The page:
Discussions about the merits of Originalism and Living Constitutionalism have been making the rounds these last few days, showcasing a divide in legal philosophies within the political realm. Originalists believe that the documents in question should be interpreted as originally intended by the authors, whilst Living Constitutionalists believe that meanings and interpretations can change over time, according to the desires and perceived needs of the moment.
There is a similar sort of debate which occurs in Biblical interpretation.
On the one hand, you have those who feel that the Bible should be understood and interpreted according to current societal trends or perceived needs, with those parts that are antithetical to modern thought or personal self-interest being jettisoned and ignored. Individuals can practice this philosophy in varying degrees, but it is a fairly widespread sort of occurrence.
On the other hand you have those who assume that the Bible must mean what it has always meant and it should be understood as meaning what it was meant to mean by the authors, or Author. This philosophy of interpretation holds that the desires of the reader, and the societal mores of the moment, are immaterial to the actual meaning of the text – it says what it says and will always say the same thing.
One’s stance on these positions has more than a little to do with one’s perception of the authorship and purpose of the Bible. If you believe that the Bible is a book with human authorship, the purpose of which is to create a religious body of some sort, a social collective of individuals bound together by common practices and a shared history, then you are going to be okay with an evolving interpretation of the Bible: an interpretation that allows the Bible to be molded according to the needs and the desires of the community.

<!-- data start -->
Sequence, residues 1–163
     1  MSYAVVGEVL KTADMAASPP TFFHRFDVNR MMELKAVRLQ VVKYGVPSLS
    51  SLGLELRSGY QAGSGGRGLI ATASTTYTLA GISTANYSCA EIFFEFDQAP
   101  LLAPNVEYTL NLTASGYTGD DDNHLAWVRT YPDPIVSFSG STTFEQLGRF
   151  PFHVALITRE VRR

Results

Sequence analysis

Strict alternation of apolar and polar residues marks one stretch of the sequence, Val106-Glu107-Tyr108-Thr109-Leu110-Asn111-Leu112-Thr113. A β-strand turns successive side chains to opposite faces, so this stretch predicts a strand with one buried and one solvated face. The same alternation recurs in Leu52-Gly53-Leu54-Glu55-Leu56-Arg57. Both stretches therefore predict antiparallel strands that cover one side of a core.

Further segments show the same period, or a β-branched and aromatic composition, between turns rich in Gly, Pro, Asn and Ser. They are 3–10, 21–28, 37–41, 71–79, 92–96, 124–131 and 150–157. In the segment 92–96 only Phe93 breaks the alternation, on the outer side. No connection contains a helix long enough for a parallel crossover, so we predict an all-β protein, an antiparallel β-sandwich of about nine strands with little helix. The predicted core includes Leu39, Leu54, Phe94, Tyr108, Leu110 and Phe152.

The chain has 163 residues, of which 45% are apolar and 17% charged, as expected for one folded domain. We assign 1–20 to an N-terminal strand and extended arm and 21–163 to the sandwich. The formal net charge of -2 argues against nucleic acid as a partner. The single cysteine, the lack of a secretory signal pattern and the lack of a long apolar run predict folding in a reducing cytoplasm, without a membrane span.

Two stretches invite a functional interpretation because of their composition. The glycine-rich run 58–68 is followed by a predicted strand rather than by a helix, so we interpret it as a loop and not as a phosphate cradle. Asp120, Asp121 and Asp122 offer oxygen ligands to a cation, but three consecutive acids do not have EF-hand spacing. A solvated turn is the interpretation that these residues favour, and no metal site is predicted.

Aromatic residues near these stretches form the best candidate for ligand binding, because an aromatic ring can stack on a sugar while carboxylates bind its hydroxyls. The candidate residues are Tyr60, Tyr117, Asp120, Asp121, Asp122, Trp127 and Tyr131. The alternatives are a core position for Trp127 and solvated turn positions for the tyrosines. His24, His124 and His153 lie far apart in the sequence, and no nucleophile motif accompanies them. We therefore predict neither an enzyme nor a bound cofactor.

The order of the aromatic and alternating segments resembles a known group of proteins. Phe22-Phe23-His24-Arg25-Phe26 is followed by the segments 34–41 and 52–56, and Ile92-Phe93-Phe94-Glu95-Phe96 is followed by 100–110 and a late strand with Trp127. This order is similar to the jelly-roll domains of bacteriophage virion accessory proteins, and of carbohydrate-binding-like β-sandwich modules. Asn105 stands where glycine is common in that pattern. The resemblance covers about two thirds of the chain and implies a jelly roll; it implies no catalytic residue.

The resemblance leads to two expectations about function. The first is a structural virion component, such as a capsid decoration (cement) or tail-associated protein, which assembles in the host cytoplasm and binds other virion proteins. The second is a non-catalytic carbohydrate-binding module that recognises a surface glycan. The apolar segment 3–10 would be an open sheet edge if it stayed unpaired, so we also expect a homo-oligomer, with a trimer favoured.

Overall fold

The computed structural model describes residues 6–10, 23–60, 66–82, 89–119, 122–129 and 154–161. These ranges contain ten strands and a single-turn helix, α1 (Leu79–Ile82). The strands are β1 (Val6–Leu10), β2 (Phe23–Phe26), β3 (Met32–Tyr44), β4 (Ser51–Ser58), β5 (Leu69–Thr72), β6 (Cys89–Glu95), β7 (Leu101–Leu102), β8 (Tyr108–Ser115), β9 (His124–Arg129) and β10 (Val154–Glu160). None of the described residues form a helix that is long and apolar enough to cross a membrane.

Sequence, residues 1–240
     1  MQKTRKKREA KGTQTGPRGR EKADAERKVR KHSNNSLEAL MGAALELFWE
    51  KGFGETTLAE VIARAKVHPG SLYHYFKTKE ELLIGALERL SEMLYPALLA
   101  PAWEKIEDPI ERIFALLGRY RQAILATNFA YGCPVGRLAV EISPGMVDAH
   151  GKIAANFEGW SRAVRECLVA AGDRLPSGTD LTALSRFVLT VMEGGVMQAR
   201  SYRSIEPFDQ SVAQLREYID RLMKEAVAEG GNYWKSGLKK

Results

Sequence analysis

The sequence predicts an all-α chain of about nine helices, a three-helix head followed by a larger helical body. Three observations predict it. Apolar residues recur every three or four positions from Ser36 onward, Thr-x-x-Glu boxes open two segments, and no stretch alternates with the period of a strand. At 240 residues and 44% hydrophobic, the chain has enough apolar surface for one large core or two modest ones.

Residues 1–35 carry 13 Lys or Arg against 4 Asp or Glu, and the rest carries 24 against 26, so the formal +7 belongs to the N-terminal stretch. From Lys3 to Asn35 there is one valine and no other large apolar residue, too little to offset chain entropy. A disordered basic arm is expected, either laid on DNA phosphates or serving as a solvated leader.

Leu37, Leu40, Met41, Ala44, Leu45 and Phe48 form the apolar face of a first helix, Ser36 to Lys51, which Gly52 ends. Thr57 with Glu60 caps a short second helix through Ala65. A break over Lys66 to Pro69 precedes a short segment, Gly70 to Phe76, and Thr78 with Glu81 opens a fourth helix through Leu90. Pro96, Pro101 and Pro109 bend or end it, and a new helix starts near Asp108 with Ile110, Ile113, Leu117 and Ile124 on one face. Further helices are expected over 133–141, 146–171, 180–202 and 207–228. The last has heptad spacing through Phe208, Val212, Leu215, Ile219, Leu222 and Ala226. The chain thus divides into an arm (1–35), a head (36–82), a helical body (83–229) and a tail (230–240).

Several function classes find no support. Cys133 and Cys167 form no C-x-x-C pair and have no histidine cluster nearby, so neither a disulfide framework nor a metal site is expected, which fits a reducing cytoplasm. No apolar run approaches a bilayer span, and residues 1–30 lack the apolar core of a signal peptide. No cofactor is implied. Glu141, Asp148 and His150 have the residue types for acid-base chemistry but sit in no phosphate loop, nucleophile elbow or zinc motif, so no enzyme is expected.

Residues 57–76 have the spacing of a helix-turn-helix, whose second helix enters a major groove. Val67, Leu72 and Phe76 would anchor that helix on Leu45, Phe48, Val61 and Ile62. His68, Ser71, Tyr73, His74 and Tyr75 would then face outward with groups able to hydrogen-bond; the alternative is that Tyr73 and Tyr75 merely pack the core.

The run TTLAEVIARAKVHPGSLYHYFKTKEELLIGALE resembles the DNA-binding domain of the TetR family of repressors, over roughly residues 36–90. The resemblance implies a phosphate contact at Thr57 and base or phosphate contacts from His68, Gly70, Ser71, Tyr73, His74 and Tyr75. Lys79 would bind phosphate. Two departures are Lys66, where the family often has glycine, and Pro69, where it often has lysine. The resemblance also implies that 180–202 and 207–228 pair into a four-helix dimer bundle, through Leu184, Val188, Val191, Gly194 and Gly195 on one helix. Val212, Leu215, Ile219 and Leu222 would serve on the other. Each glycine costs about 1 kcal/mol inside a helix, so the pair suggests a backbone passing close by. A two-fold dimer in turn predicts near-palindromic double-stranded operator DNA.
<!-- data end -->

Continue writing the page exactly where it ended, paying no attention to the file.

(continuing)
If, alternatively, you believe that the Bible is of Divine Origin, written by a living and all-wise God, who is still around and who is still watching and judging men, and if you believe that the purpose of the Bible is for God to communicate His unchanging will to man, then you are going to want to understand the Bible the way God wants you to understand it, changing yourself to conform to the Word of God rather than the other way around.
It should be noted that the Bible itself says in no uncertain terms that the latter interpretation is the one God favors.
The Bible says, for instance, “all scripture is breathed out by God (2 Timothy 3:16a),” and “no prophecy of Scripture comes from someone’s own interpretation. For no prophecy was ever produced by the will of man, but men spoke from God as they were carried along by the Holy Spirit. (2 Peter 1:20-21; ESV)”
While the Bible had human writers, ultimately the message was from God, so much so that even those writing it had to examine and study their own writings in order to better understand God’s plan. Thus, “Concerning this salvation, the prophets who prophesied about the grace that was to be yours searched and inquired carefully, inquiring what person or time the Spirit of Christ in them was indicating when he predicted the sufferings of Christ and the subsequent glories (1 Peter 1:10-11; ESV).”
Likewise, the Bible states plainly that the Scriptures are as eternal and unchanging as their Divine source. We read: “you have been born again, not of perishable seed but of imperishable, through the living and abiding word of God; for ‘All flesh is like grass and all its glory like the flower of grass. The grass withers, and the flower falls, but the word of the Lord remains forever.’ (1 Peter 1:23-25; ESV)”
Relatedly, the Bible describes spiritual maturity as no longer being, “tossed to and fro by the waves and carried about by every wind of doctrine (Ephesians 4:14b; ESV),” and we are encouraged, “Do not be conformed to this world, but be transformed by the renewal of your mind, that by testing you may discern what is the will of God, what is good and acceptable and perfect (Romans 12:2; ESV).”
Obviously, if one feels that God is not the author of the Bible, or is tempted to think the Bible can be adjusted according to the desires of the world, then such verses may well do little to persuade one, for after all, by such a philosophy, they can be reinterpreted to suit. But if one believes the Bible truly is the word of God, then we might do well to heed His admonitions concerning the unchanging nature of the Bible, and rather than changing the Bible to suit us, work hard on letting God change us to suit Himself.
At the church of Christ, we believe that the Bible is the eternal word of the Living God, and we invite you to come worship with us and study the Bible with us, at 234 Chapel Drive, Gallipolis, Ohio. If you have any questions or comments please share them with us.
Jonathan McAnulty is minister of Chapel Hill Church of Christ. Viewpoints expressed in the article are the work of the author.